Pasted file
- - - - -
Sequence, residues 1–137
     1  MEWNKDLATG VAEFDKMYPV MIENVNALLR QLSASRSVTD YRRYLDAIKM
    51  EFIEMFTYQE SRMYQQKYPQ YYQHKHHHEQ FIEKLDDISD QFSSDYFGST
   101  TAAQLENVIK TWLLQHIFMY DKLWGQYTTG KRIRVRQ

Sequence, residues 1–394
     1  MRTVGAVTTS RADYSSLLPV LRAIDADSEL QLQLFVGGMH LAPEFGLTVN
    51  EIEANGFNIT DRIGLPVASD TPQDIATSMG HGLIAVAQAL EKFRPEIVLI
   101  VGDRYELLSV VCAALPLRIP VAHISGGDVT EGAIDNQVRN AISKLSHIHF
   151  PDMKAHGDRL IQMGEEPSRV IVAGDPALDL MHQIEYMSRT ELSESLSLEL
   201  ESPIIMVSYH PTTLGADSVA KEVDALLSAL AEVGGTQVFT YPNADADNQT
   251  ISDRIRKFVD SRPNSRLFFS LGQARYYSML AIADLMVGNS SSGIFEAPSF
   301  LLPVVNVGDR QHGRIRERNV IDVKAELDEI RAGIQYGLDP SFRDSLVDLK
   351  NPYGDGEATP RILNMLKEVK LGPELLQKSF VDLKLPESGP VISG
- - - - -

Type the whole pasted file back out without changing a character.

Sequence, residues 1–137
     1  MEWNKDLATG VAEFDKMYPV MIENVNALLR QLSASRSVTD YRRYLDAIKM
    51  EFIEMFTYQE SRMYQQKYPQ YYQHKHHHEQ FIEKLDDISD QFSSDYFGST
   101  TAAQLENVIK TWLLQHIFMY DKLWGQYTTG KRIRVRQ

Sequence, residues 1–394
     1  MRTVGAVTTS RADYSSLLPV LRAIDADSEL QLQLFVGGMH LAPEFGLTVN
    51  EIEANGFNIT DRIGLPVASD TPQDIATSMG HGLIAVAQAL EKFRPEIVLI
   101  VGDRYELLSV VCAALPLRIP VAHISGGDVT EGAIDNQVRN AISKLSHIHF
   151  PDMKAHGDRL IQMGEEPSRV IVAGDPALDL MHQIEYMSRT ELSESLSLEL
   201  ESPIIMVSYH PTTLGADSVA KEVDALLSAL AEVGGTQVFT YPNADADNQT
   251  ISDRIRKFVD SRPNSRLFFS LGQARYYSML AIADLMVGNS SSGIFEAPSF
   301  LLPVVNVGDR QHGRIRERNV IDVKAELDEI RAGIQYGLDP SFRDSLVDLK
   351  NPYGDGEATP RILNMLKEVK LGPELLQKSF VDLKLPESGP VISG